[ISN] Book Review: Google Hacking for Penetration Testers

InfoSec News isn at c4i.org
Tue Apr 12 07:07:03 EDT 2005


[ http://www.amazon.com/exec/obidos/ASIN/1931836361/c4iorg  - WK]

Author: Johnny Long 
Pages: 448 
Publisher: Syngress 
Rating: 8 
Reviewer: Corey Nachreiner 
ISBN: 1931836361 
Summary Google's dark and dork sides exposed; despite the title, 
useful for everyone who'd like to get the most out of Google. 

According to its cover, Johnny Long's book focuses primarily on
revealing the "Dark Side" of Google -- a promise it delivers in
spades. But I can also heartily recommend Google Hacking to newbies
who simply want to learn how to harness Google's full potential.

The first few chapters of the book walk you through Google's
interfaces and features, then introduce you to Google's advanced
operators and techniques you can use to refine your Google searches.  
Instead of submitting basic searches that leave you arduously parsing
hundreds of results for your desired answer, you quickly learn to
submit powerful queries that almost instantly yield the results you
intend. Even as an experienced Google user, I learned a lot from
Google Hacking's early chapters. For Google neophytes, this alone
makes the book worth its price.

However, we all know Slashdotters really want this book in order to
learn how hackers misuse Google. Well, you won't be disappointed. As
soon as Long has taught you to submit advanced queries, he wastes no
time in showing you the techniques l33t Google hax0rs use to exploit
the search engine's power. For example, did you know you can use
Google as a free proxy server? By submitting a specially-crafted,
English-to-English translation query, you can capitalize on Google's
translation service to anonymously submit all your Web requests. This
simple hack just scratches the surface of Google's malicious

Most Web surfers don't realize the sheer amount of extremely sensitive
information available for the harvesting on the Internet. In that
sense, Google Hacking is eye-popping. Do you want to find
misconfigured Web servers that publicly list their directory contents?  
A quick Google search does the trick. Or, suppose you found some new
exploit code that only works against a particular version of IIS 5.0.  
Submit a quick Google query for a helpful list of possible targets. Do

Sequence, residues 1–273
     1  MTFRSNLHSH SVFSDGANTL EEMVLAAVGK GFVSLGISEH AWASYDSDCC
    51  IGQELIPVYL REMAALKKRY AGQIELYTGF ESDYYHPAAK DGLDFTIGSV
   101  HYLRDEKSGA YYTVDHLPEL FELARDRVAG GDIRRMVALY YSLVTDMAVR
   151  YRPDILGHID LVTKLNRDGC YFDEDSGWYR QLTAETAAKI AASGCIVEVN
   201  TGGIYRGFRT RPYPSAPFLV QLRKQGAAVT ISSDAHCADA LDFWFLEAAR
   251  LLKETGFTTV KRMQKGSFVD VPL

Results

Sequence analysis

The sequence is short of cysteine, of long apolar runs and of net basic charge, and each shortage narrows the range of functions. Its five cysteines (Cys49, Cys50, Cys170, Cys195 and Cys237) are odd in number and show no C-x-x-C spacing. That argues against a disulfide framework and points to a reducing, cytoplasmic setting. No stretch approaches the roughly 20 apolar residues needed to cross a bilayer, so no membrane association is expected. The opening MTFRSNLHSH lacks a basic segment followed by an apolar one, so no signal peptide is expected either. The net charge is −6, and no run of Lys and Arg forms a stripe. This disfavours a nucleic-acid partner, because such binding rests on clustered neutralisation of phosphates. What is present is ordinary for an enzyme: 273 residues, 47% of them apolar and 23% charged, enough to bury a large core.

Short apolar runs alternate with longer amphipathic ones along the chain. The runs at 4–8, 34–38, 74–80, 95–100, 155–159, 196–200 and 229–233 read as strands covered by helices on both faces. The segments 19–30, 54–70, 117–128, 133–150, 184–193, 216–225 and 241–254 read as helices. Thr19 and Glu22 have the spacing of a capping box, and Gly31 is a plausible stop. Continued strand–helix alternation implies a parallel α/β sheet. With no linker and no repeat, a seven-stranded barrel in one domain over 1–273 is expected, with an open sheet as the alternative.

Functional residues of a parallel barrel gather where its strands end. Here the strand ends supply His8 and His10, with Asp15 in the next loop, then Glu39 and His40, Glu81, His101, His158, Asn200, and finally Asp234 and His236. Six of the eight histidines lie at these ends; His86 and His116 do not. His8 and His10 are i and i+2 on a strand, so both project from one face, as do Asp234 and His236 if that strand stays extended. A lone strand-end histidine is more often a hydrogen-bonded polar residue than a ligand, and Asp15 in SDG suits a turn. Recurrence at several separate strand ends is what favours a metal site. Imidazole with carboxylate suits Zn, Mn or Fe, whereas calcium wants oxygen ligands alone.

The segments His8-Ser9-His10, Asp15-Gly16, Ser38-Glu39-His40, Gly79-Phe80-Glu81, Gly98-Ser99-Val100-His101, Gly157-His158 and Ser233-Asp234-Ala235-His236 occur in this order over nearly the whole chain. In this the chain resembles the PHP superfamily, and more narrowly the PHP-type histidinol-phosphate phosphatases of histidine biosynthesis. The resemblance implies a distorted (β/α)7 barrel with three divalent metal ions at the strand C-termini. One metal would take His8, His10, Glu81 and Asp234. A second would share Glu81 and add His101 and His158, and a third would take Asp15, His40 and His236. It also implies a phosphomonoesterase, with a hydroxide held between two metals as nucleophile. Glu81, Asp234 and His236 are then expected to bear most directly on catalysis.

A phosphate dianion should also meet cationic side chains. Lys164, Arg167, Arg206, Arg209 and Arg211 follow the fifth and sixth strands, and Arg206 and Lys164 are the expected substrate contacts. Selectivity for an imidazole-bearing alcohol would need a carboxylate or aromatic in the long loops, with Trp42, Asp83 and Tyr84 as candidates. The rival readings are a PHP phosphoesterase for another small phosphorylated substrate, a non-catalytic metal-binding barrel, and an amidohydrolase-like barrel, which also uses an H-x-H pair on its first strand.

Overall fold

you want to harvest user logins, passwords (for example, mySQL
passwords in a connect.inc file), credit card numbers, social security
numbers or any other potentially damaging tidbit that Web users and
administrators accidentally leak onto the Internet? Google Hacking
shows you how, with highly refined searches gleaned from the community
contributing to the Google Hacking database (GHDB) found on Long's Web

While Long's book discloses these and many other potentially malicious
Google searching techniques, it does so responsibly, with the goal of
prevention in mind. Only the less damaging search strings are fully
revealed. Long saves the juicier (read: more dangerous) hacks for your
own discovery. Long even obfuscates the sensitive results of the more
damaging search strings in order to protect the innocent incompetents
he refers to as "googledorks." After showing you how hackers subvert
Google to their malicious intent, Long dedicates a chapter to how Web
administrators can configure their Web servers securely in order to
prevent sensitive data from making it into a Google Hacker's clutches.

Though I've gushed about the book so far, I will quibble with its
inconsistent tone. Some of its chapters target readers having
different levels of technical understanding. While the book starts out
in a voice easy enough for even the most novice user to understand,
some of the later chapters, on topics such as document grinding,
database digging, and query automation, jump drastically and use
language and techniques that only programmers or Unix power-users
would understand. In addition, the humor that made Johnny's live
presentation so memorable shows up in his book, but in scant supply;  
frankly, more jokes would be welcome.

But these negatives are mere nits. Whether you're a penetration tester
wanting to exploit Google, a Web administrator wanting to protect
yourself from information leaks, or even a newbie wanting to harness
Google's full potential, Google Hacking for Penetration Testers makes
an excellent resource. If you, too, use Google as a second brain, pick
up Johnny Long's book and learn how to exploit this powerful search
engine to its full capacity.


Corey Nachreiner [1], Network Security Analyst for WatchGuard's 
LiveSecurity Service, writes about network security on the free RSS 
news feed, WatchGuard Wire 

[1] http://www.watchguard.com/archive/bios.asp

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